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M. Credit, Inc. v. Sexton

June 19, 2008

M. CREDIT, INC., PLAINTIFF-APPELLANT,
v.
RUSSELL SEXTON, JR., AS EXECUTOR OF THE ESTATE OF MARGARET RICHARDSON, LINDA SEXTON, METROPOLITAN FEDERAL SAVINGS, J. W. PIERSON CO. AND THE STATE OF NEW JERSEY, DEFENDANTS, AND CHERRYSTONE BAY, L.L.C., DEFENDANT/INTERVENOR-RESPONDENT.



On appeal from the Superior Court of New Jersey, Chancery Division, Essex County, Docket No. F-9502-06.

Per curiam.

NOT FOR PUBLICATION WITHOUT THE APPROVAL OF THE APPELLATE DIVISION

Argued June 2, 2008

Before Judges Parrillo and S.L. Reisner.

Plaintiff M. Credit, Inc. appeals from a March 9, 2007 trial court order, granting Cherrystone Bay, L.L.C. intervenor status in plaintiff's tax foreclosure action concerning property owned by Cecil Sexton, and permitting Sexton to sell the property to Cherrystone for $130,000 which the court found to be more than nominal consideration. We affirm.

I.

These are the most pertinent facts, drawn from the record presented to us on this appeal. Plaintiff purchased a tax sale certificate issued with respect to a property located at 749-751 10th Street in Newark (the property). On May 31, 2006, after the required two years elapsed without redemption, plaintiff filed an in personam tax foreclosure complaint. However, the complaint named the wrong party as owner of the property.

The property was part of the estate of Margaret Richardson. According to Cecil Sexton's undisputed certification, she was the estate's executor and had held recorded title to the property since September 9, 2004. However, the complaint named Russell Sexton, Jr. as the executor and did not name Cecil Sexton. Nor was Cecil served with the complaint. As a result, although plaintiff eventually obtained entry of default and an order setting amount, time, and place of redemption (OST) from the Foreclosure Unit, setting a redemption deadline of December 28, 2006, that deadline was meaningless with respect to Cecil because plaintiff had not named or served the correct owner.*fn1

Plaintiff finally served Cecil Sexton with an amended complaint on December 17, 2006. On December 21, 2006, Cecil Sexton entered into a contract to sell the property to Cherrystone for $130,000. Based on that contract, Cherrystone filed a motion on January 2, 2007, seeking to intervene in the tax foreclosure action, to stay entry of final judgment, and to redeem the tax certificate.*fn2

The redemption amount set by the OST was $64,756.46. According to Cherrystone's motion papers, the property was worth $225,000, although it needed $75,000 in repairs. Plaintiff filed a response indicating that the property was worth between $300,000 and $315,000. Thus, according to plaintiff's proofs, if plaintiff obtained final judgment in its foreclosure action, it would reap a windfall of up to $250,000, at the expense of the estate which would receive nothing. On the other hand, if the sale went through, Cecil would redeem the property out of the sale proceeds and realize between $59,000 and $65,000 for the estate.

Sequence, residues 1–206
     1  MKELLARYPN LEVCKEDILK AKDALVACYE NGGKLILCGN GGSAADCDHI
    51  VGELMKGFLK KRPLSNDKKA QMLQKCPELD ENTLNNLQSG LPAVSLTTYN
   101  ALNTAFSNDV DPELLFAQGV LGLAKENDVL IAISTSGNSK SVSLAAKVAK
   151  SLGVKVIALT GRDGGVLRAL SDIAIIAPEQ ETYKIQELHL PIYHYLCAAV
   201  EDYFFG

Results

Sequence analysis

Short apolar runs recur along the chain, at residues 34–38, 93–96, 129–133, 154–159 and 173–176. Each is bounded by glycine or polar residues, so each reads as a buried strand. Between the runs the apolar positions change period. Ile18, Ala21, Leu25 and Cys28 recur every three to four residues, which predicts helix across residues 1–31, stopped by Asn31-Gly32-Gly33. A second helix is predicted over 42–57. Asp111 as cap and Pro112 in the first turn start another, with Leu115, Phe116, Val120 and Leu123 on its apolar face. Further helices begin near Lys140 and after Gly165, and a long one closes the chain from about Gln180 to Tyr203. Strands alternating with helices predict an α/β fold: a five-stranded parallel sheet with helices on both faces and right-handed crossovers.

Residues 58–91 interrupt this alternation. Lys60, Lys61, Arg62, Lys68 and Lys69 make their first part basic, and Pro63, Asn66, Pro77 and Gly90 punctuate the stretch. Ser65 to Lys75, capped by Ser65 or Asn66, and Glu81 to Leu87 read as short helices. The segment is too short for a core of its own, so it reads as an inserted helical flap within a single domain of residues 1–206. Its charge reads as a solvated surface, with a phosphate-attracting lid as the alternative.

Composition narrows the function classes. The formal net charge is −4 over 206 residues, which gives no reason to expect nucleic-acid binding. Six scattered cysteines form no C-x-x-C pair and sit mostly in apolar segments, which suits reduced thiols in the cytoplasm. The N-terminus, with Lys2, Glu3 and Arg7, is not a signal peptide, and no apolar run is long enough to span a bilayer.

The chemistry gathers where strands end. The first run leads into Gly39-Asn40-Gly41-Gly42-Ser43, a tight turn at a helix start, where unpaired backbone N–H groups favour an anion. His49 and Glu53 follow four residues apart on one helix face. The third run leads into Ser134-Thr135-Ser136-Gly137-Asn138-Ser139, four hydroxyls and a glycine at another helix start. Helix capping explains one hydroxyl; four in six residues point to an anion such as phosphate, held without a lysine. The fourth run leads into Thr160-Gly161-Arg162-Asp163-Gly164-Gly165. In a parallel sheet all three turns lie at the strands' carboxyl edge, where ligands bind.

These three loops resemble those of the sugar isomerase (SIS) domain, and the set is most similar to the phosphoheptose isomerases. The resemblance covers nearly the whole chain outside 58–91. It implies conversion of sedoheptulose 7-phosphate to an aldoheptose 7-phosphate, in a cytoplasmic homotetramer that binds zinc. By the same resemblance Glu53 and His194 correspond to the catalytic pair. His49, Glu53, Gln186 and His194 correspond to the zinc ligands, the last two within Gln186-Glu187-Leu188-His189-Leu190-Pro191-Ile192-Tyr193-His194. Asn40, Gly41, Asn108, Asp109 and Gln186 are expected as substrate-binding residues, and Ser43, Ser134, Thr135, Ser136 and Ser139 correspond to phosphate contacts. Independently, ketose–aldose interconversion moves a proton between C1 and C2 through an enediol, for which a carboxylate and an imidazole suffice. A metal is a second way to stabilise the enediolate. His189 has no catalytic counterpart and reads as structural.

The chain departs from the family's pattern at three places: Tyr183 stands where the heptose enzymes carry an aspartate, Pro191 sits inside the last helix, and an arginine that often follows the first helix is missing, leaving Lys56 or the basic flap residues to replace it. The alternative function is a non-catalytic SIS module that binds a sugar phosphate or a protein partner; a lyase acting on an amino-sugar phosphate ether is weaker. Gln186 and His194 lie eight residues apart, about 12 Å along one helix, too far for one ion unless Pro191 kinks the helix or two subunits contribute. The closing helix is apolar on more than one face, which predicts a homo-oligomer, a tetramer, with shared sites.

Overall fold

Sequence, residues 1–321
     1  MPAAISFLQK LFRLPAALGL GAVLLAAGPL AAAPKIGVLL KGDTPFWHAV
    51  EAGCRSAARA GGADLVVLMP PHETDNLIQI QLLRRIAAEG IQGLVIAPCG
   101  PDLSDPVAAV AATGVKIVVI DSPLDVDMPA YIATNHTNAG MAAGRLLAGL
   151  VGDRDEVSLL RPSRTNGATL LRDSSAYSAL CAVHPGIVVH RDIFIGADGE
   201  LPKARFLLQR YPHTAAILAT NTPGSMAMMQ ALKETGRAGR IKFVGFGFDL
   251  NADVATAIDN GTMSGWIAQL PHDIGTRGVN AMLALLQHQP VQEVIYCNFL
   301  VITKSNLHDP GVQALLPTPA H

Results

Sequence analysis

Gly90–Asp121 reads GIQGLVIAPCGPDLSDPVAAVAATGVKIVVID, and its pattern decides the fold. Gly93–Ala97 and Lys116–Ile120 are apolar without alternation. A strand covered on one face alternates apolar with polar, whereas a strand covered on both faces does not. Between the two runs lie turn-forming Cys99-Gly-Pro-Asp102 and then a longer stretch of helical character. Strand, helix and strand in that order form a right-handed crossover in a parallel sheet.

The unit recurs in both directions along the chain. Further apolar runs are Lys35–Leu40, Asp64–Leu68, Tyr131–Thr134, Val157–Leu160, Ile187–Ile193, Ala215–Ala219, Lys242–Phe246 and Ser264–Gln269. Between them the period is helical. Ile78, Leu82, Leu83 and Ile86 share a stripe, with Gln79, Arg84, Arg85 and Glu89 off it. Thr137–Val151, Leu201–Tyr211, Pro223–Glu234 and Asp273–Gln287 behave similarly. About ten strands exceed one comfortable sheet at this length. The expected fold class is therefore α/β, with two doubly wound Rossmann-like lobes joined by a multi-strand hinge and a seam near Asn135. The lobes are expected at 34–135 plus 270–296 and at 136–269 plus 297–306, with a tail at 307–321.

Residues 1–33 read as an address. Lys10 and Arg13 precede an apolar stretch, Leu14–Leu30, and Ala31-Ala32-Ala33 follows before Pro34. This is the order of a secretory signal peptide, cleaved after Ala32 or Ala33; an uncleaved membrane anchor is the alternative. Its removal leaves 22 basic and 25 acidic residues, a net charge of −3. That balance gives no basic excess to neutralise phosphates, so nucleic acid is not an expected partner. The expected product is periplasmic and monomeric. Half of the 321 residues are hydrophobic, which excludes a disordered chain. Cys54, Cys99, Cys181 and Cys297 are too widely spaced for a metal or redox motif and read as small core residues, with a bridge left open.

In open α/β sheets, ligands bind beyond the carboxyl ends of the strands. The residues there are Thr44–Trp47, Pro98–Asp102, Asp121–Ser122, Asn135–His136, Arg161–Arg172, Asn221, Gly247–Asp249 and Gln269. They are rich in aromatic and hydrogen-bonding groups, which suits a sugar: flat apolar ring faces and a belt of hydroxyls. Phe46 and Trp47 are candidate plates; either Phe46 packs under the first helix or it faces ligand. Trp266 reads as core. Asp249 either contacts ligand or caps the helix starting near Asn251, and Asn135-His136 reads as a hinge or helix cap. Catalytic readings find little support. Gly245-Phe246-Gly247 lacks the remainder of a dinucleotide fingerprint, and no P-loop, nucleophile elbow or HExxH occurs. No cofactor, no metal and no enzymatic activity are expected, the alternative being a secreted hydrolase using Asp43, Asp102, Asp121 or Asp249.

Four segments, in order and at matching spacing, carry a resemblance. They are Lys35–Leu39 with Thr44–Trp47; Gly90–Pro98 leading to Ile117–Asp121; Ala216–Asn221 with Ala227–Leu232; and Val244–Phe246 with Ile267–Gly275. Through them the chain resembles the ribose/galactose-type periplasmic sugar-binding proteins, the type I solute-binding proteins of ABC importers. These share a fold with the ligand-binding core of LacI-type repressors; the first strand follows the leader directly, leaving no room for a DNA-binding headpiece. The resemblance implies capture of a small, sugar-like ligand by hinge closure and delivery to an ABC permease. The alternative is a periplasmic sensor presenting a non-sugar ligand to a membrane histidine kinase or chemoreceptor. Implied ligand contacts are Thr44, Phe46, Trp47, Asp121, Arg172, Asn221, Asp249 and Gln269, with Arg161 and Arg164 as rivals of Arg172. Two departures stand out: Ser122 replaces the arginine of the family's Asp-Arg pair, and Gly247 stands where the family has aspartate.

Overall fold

Relying on Simon v. Cronecker, 189 N.J. 304 (2007), Judge Kenneth Levy reasoned that Cherrystone had properly moved to intervene in the action. Consistent with Simon, the motion allowed the court to determine whether Cherrystone was offering the property owner only nominal consideration, in violation of N.J.S.A. 54:5-89.1,*fn3 or whether Cherrystone was legitimately seeking to help the owner to realize some value from the property. Applying the factors in Simon, Judge Levy concluded:

[U]nder all the circumstances, the contract price to be paid by Cherrystone is not nominal. While the approximately $59,000 that Sexton . . . will be left with after tendering redemption to the tax collector is far less than the full fair market value of the property . . . it is not an unconscionably low estimate of her equity in the property.

The Court cannot say that even $59,000 is nominal. $59,000 represents a substantial amount of equity that Sexton held in the property that would have otherwise been forfeited. And the $130,000 purchase price to be paid by Cherrystone is not an insubstantial investment on its part.

In her certification, Sexton points to the expenses she will avoid by making this sale, including substantial repairs that the property would require to make it marketable and the expense required to list the property with a real estate agent. Sexton's certification is unequivocal that the ...


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